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Buying “Readers” from a Grocery Store

POSTED ON July 24, 2009

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I was at the local grocery store today, picking up something from the pharmacy when I noticed a stand that was stocked with readers. As you can see from the picture, there are several items of concern here.  First, there is a “self test” on the right side where people can try on various pairs of eyeglasses and see if they work.  Not exactly rocket science and more importantly, not exactly accurate.  On the ...

I was at the local grocery store today, picking up something from the pharmacy when I noticed a stand that was stocked with readers.

As you can see from the picture, there are several items of concern here.  First, there is a “self test” on the right side where people can try on various pairs of eyeglasses and see if they work.  Not exactly rocket science and more importantly, not exactly accurate.  On the left hand side, there is a diopter strength scale that is more than generic.  Ultimately, this is not the best way to buy eyeglasses and it is not a good way to treat your eyes (you only get one set of these, by the way).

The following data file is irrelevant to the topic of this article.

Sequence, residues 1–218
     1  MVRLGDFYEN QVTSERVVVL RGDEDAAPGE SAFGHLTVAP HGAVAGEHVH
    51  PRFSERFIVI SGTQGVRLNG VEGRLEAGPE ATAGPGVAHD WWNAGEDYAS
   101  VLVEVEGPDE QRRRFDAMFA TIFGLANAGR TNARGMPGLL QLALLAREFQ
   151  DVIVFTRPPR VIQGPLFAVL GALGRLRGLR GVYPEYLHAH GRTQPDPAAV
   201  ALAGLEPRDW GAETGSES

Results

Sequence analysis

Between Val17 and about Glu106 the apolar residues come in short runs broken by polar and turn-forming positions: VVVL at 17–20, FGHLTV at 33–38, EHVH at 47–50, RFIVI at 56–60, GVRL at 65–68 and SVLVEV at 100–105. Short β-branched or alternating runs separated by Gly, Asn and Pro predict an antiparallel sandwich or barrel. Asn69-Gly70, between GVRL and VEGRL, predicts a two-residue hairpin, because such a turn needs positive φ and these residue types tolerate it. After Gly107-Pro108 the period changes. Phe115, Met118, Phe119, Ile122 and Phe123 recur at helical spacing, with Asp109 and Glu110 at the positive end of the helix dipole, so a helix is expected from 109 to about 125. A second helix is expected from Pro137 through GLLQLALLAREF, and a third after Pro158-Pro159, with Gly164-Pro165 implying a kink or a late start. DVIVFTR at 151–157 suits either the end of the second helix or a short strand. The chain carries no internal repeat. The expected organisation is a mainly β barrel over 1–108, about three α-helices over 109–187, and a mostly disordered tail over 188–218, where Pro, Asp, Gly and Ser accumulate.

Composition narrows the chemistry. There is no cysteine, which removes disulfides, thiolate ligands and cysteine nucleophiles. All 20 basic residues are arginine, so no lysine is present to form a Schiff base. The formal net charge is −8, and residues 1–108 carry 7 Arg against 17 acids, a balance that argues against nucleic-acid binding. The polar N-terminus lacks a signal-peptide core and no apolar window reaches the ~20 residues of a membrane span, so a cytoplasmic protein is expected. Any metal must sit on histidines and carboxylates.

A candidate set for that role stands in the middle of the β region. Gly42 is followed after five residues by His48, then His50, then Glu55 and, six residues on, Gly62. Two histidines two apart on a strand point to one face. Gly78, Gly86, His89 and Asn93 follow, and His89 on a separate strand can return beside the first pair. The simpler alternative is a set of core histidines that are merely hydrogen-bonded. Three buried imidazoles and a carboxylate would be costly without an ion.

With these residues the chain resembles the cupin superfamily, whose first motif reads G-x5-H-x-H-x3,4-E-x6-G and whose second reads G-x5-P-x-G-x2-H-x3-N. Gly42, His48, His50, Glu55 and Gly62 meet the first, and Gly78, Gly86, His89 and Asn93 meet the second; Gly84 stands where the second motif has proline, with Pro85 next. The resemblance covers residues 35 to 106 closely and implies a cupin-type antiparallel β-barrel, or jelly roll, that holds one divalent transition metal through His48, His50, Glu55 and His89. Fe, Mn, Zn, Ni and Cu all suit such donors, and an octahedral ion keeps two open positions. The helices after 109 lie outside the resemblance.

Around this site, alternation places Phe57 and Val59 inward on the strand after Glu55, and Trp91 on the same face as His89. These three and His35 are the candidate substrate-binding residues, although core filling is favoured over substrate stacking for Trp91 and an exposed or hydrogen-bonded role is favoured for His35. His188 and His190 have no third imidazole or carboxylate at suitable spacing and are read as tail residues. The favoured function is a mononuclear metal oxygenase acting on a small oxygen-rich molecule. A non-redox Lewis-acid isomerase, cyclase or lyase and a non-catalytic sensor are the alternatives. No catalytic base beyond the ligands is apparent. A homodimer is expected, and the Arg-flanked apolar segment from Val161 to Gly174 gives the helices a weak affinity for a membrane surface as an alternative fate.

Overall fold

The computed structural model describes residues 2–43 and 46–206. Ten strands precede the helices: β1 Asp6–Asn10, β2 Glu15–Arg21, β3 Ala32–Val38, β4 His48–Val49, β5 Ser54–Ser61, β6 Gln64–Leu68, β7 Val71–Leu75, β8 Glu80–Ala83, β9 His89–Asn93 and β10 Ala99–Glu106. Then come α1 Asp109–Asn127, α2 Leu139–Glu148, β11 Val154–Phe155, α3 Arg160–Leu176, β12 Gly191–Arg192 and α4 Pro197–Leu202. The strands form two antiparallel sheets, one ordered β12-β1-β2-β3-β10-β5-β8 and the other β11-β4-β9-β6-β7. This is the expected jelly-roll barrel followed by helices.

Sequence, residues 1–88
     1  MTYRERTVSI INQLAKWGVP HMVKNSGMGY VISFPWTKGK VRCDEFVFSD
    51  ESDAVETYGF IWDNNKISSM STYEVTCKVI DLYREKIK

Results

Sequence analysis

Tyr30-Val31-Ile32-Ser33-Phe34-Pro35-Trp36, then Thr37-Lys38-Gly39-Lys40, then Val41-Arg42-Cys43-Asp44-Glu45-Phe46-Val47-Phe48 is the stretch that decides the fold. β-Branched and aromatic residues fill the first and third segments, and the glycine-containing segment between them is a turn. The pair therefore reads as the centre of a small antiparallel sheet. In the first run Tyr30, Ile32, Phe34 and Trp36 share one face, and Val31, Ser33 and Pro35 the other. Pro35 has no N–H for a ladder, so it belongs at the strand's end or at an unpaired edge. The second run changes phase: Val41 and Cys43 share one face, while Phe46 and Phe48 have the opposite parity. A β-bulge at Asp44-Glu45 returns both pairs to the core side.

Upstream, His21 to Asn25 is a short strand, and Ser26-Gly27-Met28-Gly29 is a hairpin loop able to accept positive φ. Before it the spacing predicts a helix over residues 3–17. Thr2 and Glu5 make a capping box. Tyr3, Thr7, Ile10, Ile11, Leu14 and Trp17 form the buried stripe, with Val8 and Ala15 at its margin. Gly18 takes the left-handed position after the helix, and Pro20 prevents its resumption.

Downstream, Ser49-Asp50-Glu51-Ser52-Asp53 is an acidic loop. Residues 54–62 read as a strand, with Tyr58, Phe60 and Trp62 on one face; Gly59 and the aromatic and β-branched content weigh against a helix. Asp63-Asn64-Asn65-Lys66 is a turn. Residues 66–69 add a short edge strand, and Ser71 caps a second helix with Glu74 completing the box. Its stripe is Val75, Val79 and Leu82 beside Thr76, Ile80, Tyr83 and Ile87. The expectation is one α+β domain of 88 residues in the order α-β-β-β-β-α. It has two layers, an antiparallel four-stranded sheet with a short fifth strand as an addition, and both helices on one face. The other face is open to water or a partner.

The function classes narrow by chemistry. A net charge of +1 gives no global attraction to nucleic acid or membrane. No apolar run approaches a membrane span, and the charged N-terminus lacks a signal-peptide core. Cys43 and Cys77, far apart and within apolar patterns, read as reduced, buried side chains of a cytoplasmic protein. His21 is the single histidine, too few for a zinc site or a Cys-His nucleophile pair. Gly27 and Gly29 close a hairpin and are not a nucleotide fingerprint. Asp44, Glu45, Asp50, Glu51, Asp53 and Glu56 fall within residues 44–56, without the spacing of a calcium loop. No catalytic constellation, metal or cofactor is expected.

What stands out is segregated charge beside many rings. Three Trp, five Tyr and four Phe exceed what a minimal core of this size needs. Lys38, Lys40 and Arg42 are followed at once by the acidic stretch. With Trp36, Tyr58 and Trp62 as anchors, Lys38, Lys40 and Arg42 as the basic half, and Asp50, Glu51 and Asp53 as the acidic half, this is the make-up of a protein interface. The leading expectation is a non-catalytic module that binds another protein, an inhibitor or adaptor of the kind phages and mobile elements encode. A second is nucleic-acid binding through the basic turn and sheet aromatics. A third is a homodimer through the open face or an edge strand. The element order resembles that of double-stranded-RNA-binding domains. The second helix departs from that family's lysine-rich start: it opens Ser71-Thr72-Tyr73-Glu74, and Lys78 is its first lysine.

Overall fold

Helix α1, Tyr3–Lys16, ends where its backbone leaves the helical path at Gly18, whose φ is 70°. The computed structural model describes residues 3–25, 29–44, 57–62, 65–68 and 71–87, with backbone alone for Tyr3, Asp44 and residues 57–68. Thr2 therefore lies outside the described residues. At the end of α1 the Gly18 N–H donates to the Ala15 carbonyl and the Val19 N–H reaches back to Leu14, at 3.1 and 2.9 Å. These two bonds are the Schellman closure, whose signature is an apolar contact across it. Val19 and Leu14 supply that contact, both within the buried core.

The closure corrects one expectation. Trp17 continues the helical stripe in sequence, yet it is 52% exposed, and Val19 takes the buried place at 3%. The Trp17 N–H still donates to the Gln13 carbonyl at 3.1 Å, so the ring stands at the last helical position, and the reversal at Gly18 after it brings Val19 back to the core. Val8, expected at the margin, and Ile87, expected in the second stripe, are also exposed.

The problem with buying readers in this manner is that readers that you buy from the local store have the same prescription in both eyes.  Very few people actually have the same prescription in both of their eyes, so it is critical that you buy eyeglasses and readers from an optometrist who can put you in lenses that fit your exact prescription for BOTH eyes.  Having the wrong prescription for an eye causes eye strain, which can lead to headaches.

So the next time you consider buying readers at a grocery store, please think again.  Buy your milk and bread there, then go to an Indiana vision center (preferably Dr. Tavel!), get an eye examination from one of our eye care doctors, and treat your eyes to a great pair of glasses with your exact prescription.

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